Here's an official Kinetic Kids' "Top Four" post that as a parent or clinician, may come naturally, but will hopefully inspire you to think, reflect, and seek genuine, spontaneous moments of language in children!
Tip #1: Use Elements of Surprise
Nothing is more rewarding than seeing a quiet, hard-working but rather disinterested child suddenly come to life with exclamations of excitement, laughter and delight. The surprises do need to be varied and presented infrequently or they become, well, not very surprising. And some surprises might be startling or even scary for students, so you should closely monitor your child’s reactions. But the right balance of surprise can be an extremely effective tool in fostering expressive language and meaningful connections with your student. Here are a few great ideas to elicit some great surprises:
- Surprise idea #1: Motion sensor toys – We here at Kinetic Kids have had very good success with toys that come to life in song, dance moves or cascades of giggles. These toys can be found just about anywhere they sell toys.
- Surprise Idea #2: Planned “accidents” – Accidents catch people off-guard and create instant reactions. I love hearing students express their surprise, pleasure, or even worry as a train drives right off the track or crashes into another train. When a puzzle is “accidentally” knocked off the table onto the floor, I often hear complete sentences like, “Oh no, what happened? It’s okay, I’ll help you!” We work together to remedy the problem, and their spontaneous language is reinforced in a very real-word situation.
- Surprise Idea #3: Hidden objects – Find a bag and fill it with interesting objects, toys or theme accessories. Be somewhat dramatic, creating an atmosphere of anticipation, mystery and eventual excitement/awe with a mere “something” hidden in a bag. Before the big reveal, encourage your child to guess what might be in the bag, accepting and reinforcing virtually any answer but also calling attention to the bag size and shape. Kids can reach in the bag and pull out –whatever it is– which can be fun or even delightful to a curious child. Spontaneous language, as well as other targeted language concepts can be elicited as they react to what they have found. You can also hide objects buried in sand for students to discover as they dig, use the computer or smartboard to reveal hide pictures that can be revealed with the click of a mouse or stylus. Hands-on, interactive activities like these create opportunities for spontaneous language that traditional flash card or picture stimuli do not.
Tip #2: Make Mistakes
Many times when we are working with our patients, our therapists may purposefully insert mistakes to catch patients off guard and create a reaction. You too can do this at home. Often, the child's reaction involves correcting the adult's "mistake," a task eliciting language targets without direct prompting. Therapists (or the parents) may use the wrong word in a sentence and simply pause with a confused look and say, “Is that right?”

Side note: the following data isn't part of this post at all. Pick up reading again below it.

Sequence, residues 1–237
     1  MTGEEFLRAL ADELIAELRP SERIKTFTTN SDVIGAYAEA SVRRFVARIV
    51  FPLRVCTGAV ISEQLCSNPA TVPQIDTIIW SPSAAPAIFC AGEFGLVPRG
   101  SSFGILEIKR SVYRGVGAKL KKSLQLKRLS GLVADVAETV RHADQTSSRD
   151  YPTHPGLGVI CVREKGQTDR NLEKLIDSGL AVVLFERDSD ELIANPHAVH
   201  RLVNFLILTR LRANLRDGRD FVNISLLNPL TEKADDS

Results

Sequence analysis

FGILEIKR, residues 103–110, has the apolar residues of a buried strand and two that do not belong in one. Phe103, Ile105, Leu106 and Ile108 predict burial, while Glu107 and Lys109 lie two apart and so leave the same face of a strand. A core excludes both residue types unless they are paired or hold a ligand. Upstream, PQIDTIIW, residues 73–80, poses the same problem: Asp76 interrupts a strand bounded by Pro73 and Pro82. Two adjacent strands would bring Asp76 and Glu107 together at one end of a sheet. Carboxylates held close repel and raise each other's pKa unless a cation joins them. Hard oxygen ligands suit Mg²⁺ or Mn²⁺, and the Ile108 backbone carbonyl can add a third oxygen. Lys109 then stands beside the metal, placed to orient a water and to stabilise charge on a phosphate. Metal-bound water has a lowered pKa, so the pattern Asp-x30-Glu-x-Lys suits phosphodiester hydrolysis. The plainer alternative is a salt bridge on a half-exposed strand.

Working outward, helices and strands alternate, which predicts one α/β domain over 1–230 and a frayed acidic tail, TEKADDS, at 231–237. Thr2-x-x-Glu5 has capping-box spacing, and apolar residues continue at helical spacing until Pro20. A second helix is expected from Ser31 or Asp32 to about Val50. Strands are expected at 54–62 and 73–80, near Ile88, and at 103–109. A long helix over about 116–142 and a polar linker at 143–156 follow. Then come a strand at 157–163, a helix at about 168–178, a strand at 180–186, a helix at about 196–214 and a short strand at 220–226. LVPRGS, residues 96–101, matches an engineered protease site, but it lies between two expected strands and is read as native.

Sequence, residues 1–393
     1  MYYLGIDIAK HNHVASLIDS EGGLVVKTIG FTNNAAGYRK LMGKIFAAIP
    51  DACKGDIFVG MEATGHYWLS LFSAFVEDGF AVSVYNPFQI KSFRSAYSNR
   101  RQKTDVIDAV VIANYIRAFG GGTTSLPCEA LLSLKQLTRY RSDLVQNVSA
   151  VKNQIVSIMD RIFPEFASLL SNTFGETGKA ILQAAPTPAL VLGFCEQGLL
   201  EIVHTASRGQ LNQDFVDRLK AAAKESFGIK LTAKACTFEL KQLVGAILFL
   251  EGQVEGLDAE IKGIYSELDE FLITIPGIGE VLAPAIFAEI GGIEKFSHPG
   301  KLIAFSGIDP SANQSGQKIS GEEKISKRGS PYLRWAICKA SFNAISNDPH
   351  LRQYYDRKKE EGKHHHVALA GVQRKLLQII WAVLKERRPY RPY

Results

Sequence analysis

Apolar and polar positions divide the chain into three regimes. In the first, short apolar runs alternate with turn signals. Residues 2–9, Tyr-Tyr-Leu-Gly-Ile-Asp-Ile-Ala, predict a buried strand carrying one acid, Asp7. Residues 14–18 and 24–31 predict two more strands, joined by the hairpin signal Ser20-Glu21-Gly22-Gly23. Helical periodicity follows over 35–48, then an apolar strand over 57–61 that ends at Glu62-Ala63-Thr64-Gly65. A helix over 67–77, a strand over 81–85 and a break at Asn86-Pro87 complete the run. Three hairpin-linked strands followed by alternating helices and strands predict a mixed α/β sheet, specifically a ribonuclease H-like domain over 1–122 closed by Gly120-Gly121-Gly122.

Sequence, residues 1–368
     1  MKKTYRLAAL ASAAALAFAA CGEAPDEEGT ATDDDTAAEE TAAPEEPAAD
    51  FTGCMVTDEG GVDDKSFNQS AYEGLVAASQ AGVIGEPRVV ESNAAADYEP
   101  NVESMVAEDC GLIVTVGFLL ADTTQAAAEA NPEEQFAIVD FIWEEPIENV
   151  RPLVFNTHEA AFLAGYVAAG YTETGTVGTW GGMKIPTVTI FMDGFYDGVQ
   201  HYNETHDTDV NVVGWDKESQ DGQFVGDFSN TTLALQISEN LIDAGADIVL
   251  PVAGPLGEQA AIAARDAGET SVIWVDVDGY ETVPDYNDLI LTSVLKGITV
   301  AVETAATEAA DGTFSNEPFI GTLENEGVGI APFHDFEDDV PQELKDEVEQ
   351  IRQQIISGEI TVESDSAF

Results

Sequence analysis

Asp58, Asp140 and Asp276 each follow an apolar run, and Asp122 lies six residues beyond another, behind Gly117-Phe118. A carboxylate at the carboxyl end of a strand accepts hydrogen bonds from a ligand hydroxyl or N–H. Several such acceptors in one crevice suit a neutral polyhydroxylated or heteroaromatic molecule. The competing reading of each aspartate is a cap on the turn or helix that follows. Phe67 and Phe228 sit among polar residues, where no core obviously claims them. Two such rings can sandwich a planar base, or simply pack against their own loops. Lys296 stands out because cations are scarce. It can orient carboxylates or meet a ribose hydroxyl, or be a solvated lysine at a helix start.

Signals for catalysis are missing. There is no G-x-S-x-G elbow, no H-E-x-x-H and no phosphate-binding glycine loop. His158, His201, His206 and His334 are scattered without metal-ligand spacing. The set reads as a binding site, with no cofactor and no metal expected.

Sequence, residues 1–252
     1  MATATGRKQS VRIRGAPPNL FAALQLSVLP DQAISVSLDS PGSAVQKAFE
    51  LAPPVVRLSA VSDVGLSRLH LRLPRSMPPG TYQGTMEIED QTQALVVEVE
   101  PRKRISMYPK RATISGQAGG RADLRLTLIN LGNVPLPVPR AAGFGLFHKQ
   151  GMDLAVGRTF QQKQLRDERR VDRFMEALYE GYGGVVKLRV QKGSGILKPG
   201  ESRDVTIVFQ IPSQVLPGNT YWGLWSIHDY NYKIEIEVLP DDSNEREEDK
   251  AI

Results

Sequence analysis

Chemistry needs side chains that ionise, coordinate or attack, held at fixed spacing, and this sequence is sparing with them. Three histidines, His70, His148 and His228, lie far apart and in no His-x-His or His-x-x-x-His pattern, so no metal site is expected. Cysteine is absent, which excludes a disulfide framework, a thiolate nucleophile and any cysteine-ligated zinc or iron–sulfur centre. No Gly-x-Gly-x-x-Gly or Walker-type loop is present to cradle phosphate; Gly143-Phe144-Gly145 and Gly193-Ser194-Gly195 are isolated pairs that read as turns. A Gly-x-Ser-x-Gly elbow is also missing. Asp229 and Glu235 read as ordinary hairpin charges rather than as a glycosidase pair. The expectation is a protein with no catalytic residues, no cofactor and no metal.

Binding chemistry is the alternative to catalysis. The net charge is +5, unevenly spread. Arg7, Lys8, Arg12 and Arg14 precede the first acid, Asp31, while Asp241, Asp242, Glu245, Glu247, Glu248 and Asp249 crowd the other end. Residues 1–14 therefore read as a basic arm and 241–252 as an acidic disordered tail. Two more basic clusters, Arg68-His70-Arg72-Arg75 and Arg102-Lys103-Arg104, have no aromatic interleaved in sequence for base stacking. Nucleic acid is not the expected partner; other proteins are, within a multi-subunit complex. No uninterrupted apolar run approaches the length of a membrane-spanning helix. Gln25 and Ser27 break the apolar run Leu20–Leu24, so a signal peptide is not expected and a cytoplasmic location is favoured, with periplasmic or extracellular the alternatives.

Another "mistake" is to hand your child the wrong tool or object. For instance, if you have just decided to use a certain toy or game, you might hand them a puzzle instead. Your confused look will usually elicit a reaction, and possibly a clarification of what you were supposed to get.
Tip #3: Use HumorClosely related to using elements of surprise and making mistakes, there is another skill that we here at Kinetic Kids are proud to exhibit: The ability to be silly and often make a fool of ourselves! Whether it be acting out silly animal actions, using silly voices, donning a ridiculous hat or mask, or getting goofy during some interactive play, the use of humor can elicit focused attention, interactive smiles, giggles and of course, spontaneous language. Below is an example of silly voices to engage your little one:
Tip #4: Play . . . No Really
Play, REAL play, is essential for developing spontaneous language, social skills and creativity. Many children do not know how to play. They need experience and appropriate models.
Real play should involve letting the child explore and choose what he/she wants to do, with interactions built-in to the chosen activity. Interactions are encouraged during moments of play as the child discovers what they find intriguing, amusing or just plain fun. For example, our staff may watch our patient's behavior, and join them in their exploration. As we play, we initiate dialogue using characters or toys as the “speakers." Throughout the session, we might encourage our little patients to verbalize requests or imitate words and language concepts, but our play is child-led and consists of much more than a series of commands. Using true interactive play is an engaging activity that sets the stage for spontaneous verbalizations, comments, requests and engaging time to connect.
Here Are Related Blog Articles for YouBelow lists some previous blog articles that we think may be of interest, and will also help give your amazing child some life skills that would be of benefit:
- Sensory Table Ideas [Free eBook on Creative Ways to Turn The JENGA Game Into a Therapeutic Powerhouse]
- Ways to Get an iPad for Children With Disabilities
- Does My Child Have A Problem With Sensory Processing?
Interested In More Speech Fun?
Download our UNO Articulation Game For /s/ & /z/ Sounds . . . for FREE!This game is both a fun and engaging game for children who are learning to speak or for children who benefit from pediatric speech therapy services:
Thank you so much for reading this blog post! We certainly hope that the information listed proves helpful!
Until next time . . .
Geary, L. M. (2012, April 18). Top Five Ways to Encourage Spontaneous Language [Web log post]. Retrieved from Live Speak Love, LLC website: https://livespeaklove.com/2012/04/18/top-five-ways-to-encourage-spontaneous-language/